Sometimes I wonder about the original UK version of “The Office” and what David Brent is up to now, he’ brought up to date in the new special “David Brent: Life on the Road” (Netflix, streaming). He’s back in sales, but part of the traveling salesmen crew, not the boss. Ricky Gervais’ ever-annoying character has saved up his money, though, to take three weeks off to try out his rock and roll dreams.
The songs are terrible, the hired band hates him, and nobody shows up. If “The Office” was the start of cringe humor, than one plumbs the depths of how painful it can be. And Gervais picks up his original talent — playing up to the camera to come off well, when it just makes things worse. The feature length-special tries to have a happy ending — or at least not a completely depressing. Some of the songs are funny, but we won’t have to worry any more about the future of Brent.
There’s a strong case to be made for the songwriting talents of Smokey Robinson, but there’s a serious lack of star power in the concert celebrating his latest award. You’d rather hear Robinson himself do his material than the roster they’ve gathered at “Smokey Robinson: The Library of Congress Gershwin Prize for Popular Song” (PBS, 9 p.m., check local listings). I went to the event where it was filmed last November and here’s my original review.
The British import “The Collection” (Amazon, streaming) follows a Parisian fashion house during the Nazi occupation.
Try not to think of Brian Fellows as the star of “Blackish” hosts his own “Animal Nation with Anthony Anderson” (Animal Planet, 10 p.m.), a sort of talk show with animals among the celebs. It follows a one-time special, “World’s Funniest Animal Commercials” (Animal Planet, 9 p.m.), because, presumably, there are only so many funny animal commercials. Terry Crews hosts.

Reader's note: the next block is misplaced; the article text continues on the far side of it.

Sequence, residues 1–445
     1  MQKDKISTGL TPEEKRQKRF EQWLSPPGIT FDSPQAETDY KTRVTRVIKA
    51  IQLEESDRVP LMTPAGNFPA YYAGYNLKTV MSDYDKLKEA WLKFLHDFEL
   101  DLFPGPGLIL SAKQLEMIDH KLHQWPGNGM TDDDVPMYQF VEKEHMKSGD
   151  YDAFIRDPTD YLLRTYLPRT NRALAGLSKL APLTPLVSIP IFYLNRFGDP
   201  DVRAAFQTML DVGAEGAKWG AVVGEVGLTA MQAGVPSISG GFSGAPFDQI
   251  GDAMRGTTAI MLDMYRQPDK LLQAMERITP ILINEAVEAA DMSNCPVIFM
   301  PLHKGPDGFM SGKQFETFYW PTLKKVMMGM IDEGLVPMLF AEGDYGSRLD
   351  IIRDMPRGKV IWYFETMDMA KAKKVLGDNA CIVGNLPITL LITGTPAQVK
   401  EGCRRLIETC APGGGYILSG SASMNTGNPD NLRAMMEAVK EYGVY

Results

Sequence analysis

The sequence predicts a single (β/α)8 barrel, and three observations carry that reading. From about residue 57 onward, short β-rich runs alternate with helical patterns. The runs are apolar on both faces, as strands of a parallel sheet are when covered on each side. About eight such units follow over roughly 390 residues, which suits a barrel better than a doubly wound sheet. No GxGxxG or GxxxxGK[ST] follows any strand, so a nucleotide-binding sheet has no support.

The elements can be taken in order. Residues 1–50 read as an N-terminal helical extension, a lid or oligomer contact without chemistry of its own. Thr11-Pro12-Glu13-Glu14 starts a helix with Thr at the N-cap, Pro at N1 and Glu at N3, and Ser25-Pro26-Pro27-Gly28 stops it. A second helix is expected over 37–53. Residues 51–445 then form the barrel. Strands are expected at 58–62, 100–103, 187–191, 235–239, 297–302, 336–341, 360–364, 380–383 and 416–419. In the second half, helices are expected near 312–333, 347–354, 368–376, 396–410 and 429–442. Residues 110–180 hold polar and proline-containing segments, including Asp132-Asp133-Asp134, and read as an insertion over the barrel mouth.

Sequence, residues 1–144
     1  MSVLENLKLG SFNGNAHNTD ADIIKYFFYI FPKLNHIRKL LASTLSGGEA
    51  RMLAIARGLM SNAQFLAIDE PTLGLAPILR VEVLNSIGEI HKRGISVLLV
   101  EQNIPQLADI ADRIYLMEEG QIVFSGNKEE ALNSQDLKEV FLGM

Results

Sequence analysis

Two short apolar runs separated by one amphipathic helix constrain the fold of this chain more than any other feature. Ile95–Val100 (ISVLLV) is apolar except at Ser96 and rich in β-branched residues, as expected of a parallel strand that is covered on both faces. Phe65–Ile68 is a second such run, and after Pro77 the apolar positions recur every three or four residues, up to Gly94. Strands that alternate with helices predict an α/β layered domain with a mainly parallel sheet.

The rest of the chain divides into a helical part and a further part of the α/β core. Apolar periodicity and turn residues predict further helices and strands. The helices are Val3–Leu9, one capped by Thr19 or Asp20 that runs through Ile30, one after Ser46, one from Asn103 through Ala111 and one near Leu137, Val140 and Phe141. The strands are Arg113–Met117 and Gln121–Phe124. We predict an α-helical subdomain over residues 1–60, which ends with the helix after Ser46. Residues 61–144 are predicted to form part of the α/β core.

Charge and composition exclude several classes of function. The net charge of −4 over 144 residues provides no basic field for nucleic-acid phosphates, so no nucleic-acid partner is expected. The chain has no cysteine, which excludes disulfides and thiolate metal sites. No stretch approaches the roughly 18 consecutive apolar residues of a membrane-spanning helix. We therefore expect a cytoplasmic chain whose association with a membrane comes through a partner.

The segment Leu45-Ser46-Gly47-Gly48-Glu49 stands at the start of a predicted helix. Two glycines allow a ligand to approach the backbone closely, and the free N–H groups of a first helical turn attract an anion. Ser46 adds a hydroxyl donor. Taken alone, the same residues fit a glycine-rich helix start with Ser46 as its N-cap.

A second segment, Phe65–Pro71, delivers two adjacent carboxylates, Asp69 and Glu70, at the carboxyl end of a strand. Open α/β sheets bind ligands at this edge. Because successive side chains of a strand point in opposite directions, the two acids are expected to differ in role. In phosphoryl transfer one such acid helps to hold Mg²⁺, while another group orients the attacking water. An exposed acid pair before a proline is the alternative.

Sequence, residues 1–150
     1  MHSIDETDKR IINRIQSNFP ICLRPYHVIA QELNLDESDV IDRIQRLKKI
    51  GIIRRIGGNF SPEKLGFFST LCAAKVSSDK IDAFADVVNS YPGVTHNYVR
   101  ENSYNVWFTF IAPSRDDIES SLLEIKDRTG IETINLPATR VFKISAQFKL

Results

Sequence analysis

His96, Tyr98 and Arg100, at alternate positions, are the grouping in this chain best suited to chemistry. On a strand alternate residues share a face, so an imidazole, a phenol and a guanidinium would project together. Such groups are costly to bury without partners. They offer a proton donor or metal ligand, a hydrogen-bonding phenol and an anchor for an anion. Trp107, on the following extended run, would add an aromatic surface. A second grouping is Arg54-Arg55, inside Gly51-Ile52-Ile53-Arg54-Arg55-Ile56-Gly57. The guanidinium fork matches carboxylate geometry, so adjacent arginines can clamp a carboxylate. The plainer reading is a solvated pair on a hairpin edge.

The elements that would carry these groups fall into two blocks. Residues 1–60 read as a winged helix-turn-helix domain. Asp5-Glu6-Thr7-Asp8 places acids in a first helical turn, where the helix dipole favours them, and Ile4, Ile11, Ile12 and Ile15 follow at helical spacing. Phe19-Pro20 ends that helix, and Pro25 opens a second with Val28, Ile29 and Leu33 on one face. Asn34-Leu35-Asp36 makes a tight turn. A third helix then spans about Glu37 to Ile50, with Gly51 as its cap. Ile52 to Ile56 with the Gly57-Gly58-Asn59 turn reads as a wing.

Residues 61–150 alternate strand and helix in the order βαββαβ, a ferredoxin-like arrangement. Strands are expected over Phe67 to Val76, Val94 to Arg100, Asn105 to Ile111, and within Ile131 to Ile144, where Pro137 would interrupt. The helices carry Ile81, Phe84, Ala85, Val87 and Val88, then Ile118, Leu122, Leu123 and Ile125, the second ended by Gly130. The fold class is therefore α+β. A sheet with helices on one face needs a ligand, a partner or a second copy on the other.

“Reign” (The CW, 9 p.m.) begins its fourth and final season, with Queen Mary vowing to avenge the death of her friend Lola.
The “America’s Got Talent” host has his own comedy special, “Nick Cannon: Stand Up, Don’t Shoot” (Showtime, 9 p.m.).
One of the lesser “Peanuts” holiday specials returns, “Be My Valentine, Charlie Brown” (ABC, 8 p.m.), mixing the 2002 “A Charlie Brown Valentine” with the 1975 original.
Al Franken, Jim Jeffries, Karine Jean-Pierre are guests on a new “Real Time with Bill Maher” (HBO, 10 p.m.).
The 10th anniversary of the death of Anna Nicole Smith gets the attention of “20/20” (ABC, 10 p.m.). Correspondent Deborah Roberts talks to two people youse names you haven’t heard for a while, Larry Birkhead and their daughter Dannielynn, who is now almost 10 as well.
“Dateline” (NBC, 10 p.m), meanwhile, looks to connect the deaths of two women in separate states five years apart.
“MacGyver” (CBS, 8 p.m.) suspects that the Zodiac Killer from the 1970s is back.
On “Emerald City” (NBC, 9 p.m.), Dorothy discovers Lucas’ true identity, Hunk the
Turner Classic Movies’ alphabetical 31 Days of Oscar stays in the G-spot with “Good News” (6:30 a.m.), “The Goodbye Girl” (8:15 a.m.), “Goodbye, Mr. Chips” (10:15 a.m.), “The Gorgeous Hussy” (1 p.m.), “Grand Hotel” (2:45 p.m.), “Grand Prix” (4:45 p.m.), “The Grapes of Wrath” (8 p.m.), “The Great McGinty” (10:30 p.m.), “The Great Santini” (midnight), “The Great Waltz” (2 a.m.) and “The Great Ziegfeld” (4 a.m.).
NBA action includes Indiana at Washington (EPSN, 8 p.m.) and Chicago at Phoenix (ESPN, 10:30 p.m.).
Hockey includes Tampa Bay at Minnesota (NBC Sports, 8 p.m.).
Men’s college hoops include Ohio at Ball State (CBS Sports, 6:30 p.m.), Dayton at Rhode Island (ESPN2, 7 p.m.), Akron at Eastern Michigan (ESPNU, 7 p.m.), and Monmouth at Manhattan (ESPNU, 9 p.m.).
In women’s games it’s Villanova at St. John’s (Fox Sports 1, 8 p.m.).
Kelly Ripa: Daymond John, Jeffrey Dean Morgan. The View: Lena Denham. The Talk: Eric Braeden, Andrea Riseborough, Ellen K. Harry Connick: Kathryn Hahn, Steve Aoki, Katherine Berman, Sophie LaMontagne. Ellen DeGeneres: Tim McGraw, Faith Hill, Gigi Hadid. Wendy Williams: Charlie Wilson, Brian Balthazar. The Real: Chris Sullivan, Remy Ma.
Stephen Colbert: Will Arnett, Pete Holmes, Paul Mercurio. Jimmy Kimmel: Jamie Dornan, Adam Scott, Tucker Beathard (rerun). Jimmy Fallon: Lena Dunham, Common, Kate Berlin, John Early. Seth Meyers: Dakota Johnson, Willie Geist, Paper Route, Kenny Aronoff (rerun). James Corden: Madonna, Lily Tomlin, Alison Sudol, Reggie Wats (rerun). Carson Daly: Glaser, Moving Units, Adam Conover (rerun).